International tax round up

15 July 2022

A number of international tax developments may impact on businesses with international interests.

Deferral of pillar two

The UK government announced on 14 June 2022 that its implementation of pillar two of the OECD’s proposed solution to address the tax challenges arising from the digitalisation of the global economy is to be deferred from 1 April 2023 and will now take effect for accounting periods beginning on or after 31 December 2023.

The Government’s announcement attributes the deferral to key themes that emerged from the responses to its public consultation on the implementation of pillar two, which ended on 4 April 2022, including:

  • the importance of providing businesses with sufficient lead time prior to implementation given the complexity of the rules;
  • the need for businesses to develop and implement the infrastructure required to ensure compliance;
  • the fact that certain fundamental aspects of the pillar two rules (eg safe harbour provisions) have yet to be finalised at an international level; and
  • the likelihood that UK implementation of the rules from Spring 2023, as originally envisaged, would have preceded the start date in many other countries, which could, ‘compromise the long-term sustainability of the regime and put UK businesses at a competitive and administrative disadvantage.’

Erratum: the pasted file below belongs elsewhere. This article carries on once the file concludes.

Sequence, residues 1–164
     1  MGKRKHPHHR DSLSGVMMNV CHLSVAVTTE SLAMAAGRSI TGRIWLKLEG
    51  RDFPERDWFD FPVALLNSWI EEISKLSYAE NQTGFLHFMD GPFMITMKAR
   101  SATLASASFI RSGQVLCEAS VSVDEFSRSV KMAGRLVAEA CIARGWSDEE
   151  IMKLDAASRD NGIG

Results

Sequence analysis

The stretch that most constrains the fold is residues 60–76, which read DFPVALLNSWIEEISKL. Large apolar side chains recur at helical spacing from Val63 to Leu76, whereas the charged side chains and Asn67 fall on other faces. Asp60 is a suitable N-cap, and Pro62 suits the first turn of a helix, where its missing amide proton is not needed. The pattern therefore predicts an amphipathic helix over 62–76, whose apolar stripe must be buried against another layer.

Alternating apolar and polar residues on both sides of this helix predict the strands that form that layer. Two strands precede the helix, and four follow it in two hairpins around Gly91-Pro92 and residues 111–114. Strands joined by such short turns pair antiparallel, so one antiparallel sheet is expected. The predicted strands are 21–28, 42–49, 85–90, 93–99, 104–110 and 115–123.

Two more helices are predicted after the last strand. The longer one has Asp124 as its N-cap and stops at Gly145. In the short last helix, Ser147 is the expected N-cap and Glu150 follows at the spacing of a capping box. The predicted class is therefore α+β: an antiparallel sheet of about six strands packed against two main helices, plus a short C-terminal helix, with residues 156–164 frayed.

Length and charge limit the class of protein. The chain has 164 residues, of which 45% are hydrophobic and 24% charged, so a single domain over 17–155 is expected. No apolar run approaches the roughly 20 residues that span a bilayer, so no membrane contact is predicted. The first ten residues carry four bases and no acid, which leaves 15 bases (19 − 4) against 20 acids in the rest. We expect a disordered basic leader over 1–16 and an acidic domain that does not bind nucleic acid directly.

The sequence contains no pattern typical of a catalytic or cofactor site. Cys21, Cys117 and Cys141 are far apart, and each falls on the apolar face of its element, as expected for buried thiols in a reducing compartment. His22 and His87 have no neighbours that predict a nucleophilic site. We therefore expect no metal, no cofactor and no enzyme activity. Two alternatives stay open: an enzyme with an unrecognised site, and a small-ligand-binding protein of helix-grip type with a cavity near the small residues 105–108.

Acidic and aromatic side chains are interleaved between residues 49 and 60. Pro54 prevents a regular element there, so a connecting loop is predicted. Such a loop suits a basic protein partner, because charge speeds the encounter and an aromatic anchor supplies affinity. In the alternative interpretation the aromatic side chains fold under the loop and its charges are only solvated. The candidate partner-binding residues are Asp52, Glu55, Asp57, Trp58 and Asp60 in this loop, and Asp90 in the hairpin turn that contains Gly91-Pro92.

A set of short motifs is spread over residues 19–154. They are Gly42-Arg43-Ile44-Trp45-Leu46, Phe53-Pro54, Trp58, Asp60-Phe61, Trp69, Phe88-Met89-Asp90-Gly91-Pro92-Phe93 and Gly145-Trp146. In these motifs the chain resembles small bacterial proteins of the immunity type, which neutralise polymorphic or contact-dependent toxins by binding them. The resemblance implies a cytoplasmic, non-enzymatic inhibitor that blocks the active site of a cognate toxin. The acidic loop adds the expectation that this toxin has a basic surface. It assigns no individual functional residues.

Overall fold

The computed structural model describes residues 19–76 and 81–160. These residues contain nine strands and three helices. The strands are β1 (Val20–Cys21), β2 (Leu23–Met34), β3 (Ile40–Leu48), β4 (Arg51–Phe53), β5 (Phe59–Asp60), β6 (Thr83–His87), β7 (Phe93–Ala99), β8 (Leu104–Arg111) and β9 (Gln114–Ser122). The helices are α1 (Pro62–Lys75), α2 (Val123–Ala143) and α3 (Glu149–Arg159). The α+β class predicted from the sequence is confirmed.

The finalisation of the pillar two rules by the OECD is currently not expected until late 2022 or early 2023. The decision to defer implementation in the UK is, therefore, welcome. Time will tell, however, if this additional lead time will be sufficient to address the key concerns raised in consultation responses.

New UK : Luxembourg double tax treaty

A new double tax treaty between the UK and Luxembourg was signed on 7 June 2022 and is expected to come into force in 2023.

The new treaty includes changes relating to the taxation of chargeable gains arising on the disposal of UK real estate, which will be of interest to certain property investors.

Of potentially wider interest, is the removal of the 5 per cent dividend withholding tax that currently applies under the terms of the previous treaty. While no such withholding tax applies to dividends paid by UK companies, the change is relevant to dividends paid by Luxembourg companies to UK shareholders, for which the 5 per cent withholding tax currently deducted by those companies represents a cost to UK company shareholders if the dividends are within the scope of the UK dividend exemption and to certain UK individual shareholders with low levels of dividend and/or other income.

Luxembourg companies considering paying dividends to their UK parent companies and other shareholders may therefore wish to defer such payments, where commercially possible, in order for those shareholders to benefit from the new 0 per cent rate that should apply once the new treaty enters into force.

More generally, this new treaty is evidence that action is being taken to update the UK double tax treaty network following the UK’s withdrawal from the European Union (EU). It is critical that the government continues to renegotiate double tax treaties with EU member states that currently impose withholding taxes, particularly major trading partners such as Spain, Germany and Italy, as UK entities are no longer able to benefit from the exemptions from withholding taxes afforded by the EU parent-subsidiary and interest and royalties directives.

FinCo exemption